WIKIMEDIA, NATURE JOURNALSome readers of the scientific literature are about to get an eyeful from Nature Publishing Group (NPG). Macmillan, the publisher of Nature, Nature Medicine, Nature Genetics, and more than 45 other titles in the NPG, has announced that it will make articles in all of its NPG journals freely available to read, but not to copy, download, or print. But there is a catch: in order to access NPG articles through ReadCube, the software platform that Macmillan is using to display the content, users must get the read-only link from a subscriber. Institutional subscribers can access and share content dating back to 1869, the year Nature launched, while personal subscribers can share links of content only back to 1997.
“To me, this smacks of public relations, not open access,” John Wilbanks, an open-access advocate and a senior fellow at the Ewing Marion Kauffman Foundation...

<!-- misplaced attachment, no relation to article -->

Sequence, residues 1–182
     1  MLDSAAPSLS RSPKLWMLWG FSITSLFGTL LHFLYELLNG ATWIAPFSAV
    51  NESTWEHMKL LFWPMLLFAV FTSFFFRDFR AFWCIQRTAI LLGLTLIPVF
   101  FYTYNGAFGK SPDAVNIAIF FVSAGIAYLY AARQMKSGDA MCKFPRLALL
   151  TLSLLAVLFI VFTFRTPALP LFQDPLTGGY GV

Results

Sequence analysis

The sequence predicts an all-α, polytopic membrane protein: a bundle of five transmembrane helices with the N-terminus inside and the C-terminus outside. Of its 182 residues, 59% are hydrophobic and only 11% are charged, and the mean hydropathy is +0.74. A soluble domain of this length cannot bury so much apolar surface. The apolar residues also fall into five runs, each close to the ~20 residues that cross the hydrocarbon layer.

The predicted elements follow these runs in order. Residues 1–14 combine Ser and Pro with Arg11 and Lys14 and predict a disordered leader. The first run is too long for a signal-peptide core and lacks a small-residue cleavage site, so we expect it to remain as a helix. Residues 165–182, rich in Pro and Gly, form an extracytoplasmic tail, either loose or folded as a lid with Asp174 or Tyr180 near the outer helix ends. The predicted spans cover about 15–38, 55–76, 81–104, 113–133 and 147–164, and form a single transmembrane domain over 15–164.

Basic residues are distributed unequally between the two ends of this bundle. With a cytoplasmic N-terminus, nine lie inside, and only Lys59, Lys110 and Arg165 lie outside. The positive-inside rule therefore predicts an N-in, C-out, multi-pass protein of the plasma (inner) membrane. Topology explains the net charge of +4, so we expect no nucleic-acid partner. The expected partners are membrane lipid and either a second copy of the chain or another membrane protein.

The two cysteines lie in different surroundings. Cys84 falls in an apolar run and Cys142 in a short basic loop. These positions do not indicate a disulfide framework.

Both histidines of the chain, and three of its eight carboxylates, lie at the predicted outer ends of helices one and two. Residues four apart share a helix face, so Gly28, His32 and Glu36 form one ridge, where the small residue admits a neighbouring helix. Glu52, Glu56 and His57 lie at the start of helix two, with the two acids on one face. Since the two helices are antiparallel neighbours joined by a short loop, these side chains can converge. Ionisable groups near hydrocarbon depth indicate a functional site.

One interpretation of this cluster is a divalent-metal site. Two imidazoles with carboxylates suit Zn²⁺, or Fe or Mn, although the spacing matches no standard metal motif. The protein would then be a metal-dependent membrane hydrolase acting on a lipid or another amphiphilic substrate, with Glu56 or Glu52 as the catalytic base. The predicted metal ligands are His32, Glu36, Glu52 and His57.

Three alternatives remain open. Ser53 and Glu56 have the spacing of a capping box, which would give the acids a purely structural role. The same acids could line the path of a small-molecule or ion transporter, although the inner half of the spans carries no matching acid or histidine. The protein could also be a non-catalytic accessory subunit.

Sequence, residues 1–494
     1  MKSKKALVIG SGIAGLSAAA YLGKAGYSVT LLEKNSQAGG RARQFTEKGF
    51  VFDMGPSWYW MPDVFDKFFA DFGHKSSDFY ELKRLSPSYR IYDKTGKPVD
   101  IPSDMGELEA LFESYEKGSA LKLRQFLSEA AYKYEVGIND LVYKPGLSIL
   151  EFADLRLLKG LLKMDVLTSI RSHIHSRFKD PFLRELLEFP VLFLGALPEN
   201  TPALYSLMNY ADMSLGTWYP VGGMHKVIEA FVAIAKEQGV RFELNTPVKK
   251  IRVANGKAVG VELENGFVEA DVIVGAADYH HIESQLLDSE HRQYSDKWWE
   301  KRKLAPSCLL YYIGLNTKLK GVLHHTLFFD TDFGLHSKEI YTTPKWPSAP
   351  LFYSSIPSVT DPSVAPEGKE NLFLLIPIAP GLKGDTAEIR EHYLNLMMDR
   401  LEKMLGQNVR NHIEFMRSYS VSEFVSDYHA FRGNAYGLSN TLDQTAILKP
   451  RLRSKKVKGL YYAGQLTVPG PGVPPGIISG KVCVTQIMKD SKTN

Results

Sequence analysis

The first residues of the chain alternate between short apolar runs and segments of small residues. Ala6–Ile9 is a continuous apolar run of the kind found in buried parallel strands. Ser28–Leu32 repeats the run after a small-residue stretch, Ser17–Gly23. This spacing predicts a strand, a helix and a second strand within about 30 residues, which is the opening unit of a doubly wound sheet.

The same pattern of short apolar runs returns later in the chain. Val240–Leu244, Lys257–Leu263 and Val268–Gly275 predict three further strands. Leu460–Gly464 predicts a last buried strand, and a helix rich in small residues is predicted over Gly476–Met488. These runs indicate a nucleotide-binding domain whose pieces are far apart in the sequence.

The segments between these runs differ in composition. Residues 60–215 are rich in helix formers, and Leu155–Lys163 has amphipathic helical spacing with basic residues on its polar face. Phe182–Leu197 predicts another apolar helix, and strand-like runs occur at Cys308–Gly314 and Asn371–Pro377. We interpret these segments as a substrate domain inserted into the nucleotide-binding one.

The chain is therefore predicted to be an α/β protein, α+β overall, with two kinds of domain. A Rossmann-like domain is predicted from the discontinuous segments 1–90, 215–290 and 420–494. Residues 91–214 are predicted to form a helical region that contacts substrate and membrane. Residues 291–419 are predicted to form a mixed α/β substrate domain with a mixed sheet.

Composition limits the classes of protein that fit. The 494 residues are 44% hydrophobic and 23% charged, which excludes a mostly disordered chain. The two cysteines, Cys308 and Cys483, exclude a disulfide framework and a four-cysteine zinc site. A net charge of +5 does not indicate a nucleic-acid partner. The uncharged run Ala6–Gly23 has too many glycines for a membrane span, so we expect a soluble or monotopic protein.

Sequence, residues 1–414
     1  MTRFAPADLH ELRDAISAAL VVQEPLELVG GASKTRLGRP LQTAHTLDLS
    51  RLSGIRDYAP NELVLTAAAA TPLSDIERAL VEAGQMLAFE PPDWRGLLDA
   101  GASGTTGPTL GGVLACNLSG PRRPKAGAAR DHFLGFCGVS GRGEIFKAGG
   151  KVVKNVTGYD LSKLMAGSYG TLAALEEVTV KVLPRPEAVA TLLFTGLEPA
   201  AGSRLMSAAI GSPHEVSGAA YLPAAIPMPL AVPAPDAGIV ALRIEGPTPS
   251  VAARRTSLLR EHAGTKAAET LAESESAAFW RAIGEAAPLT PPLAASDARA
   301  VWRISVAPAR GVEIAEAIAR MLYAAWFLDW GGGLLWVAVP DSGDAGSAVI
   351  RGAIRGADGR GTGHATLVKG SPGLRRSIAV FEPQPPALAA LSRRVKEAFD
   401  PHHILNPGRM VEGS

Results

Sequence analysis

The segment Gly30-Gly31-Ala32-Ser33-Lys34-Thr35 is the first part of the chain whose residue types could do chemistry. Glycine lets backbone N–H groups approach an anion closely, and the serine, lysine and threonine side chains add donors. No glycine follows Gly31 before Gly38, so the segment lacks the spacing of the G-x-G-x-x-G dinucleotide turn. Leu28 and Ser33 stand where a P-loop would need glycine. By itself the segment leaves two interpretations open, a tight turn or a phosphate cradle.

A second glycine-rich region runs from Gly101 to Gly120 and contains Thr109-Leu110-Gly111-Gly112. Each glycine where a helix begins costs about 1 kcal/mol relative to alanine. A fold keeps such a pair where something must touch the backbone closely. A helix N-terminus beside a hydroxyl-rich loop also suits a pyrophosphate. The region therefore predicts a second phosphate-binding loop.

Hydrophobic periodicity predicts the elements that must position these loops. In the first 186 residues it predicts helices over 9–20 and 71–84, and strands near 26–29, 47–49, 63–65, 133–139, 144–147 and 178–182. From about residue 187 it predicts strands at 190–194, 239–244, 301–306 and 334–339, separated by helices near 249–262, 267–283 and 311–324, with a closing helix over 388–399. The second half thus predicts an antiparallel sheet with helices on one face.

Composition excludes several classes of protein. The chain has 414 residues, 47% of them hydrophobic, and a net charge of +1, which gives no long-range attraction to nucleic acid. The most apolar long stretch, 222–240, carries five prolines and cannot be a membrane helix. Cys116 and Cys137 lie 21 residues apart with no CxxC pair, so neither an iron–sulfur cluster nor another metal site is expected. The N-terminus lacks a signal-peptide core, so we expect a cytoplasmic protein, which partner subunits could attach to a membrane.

“It’s a bold move,” Peter Suber, an open-access advocate and director of the Harvard University Office for Scholarly Communication, told The Chronicle of Higher Education. “Nature can afford to take it because it’s so successful,” but “there are other successful publishers that could also afford to take it.” Suber told Nature that the new policy is a step in the right direction, but could backfire if authors prefer to provide links to PDFs rather than depositing their manuscripts in online, open-access repositories, which typically allow users to download, print, or save the files.
This isn’t NPG’s first foray into open access. Earlier this year, the publisher announced that Nature Communications would only publish open-access articles as of October 20. Similarly, many science journals are making the move to open-access models of publishing.
As of now, NPG’s new publishing scheme is “a pilot,” according to Annette Thomas, chief executive of Macmillan Science and Education; the publisher will be evaluating it over the next year. Thomas added that she expects the open-access business model to exist in harmony with the publisher’s subscription base, which rakes in millions of dollars every year.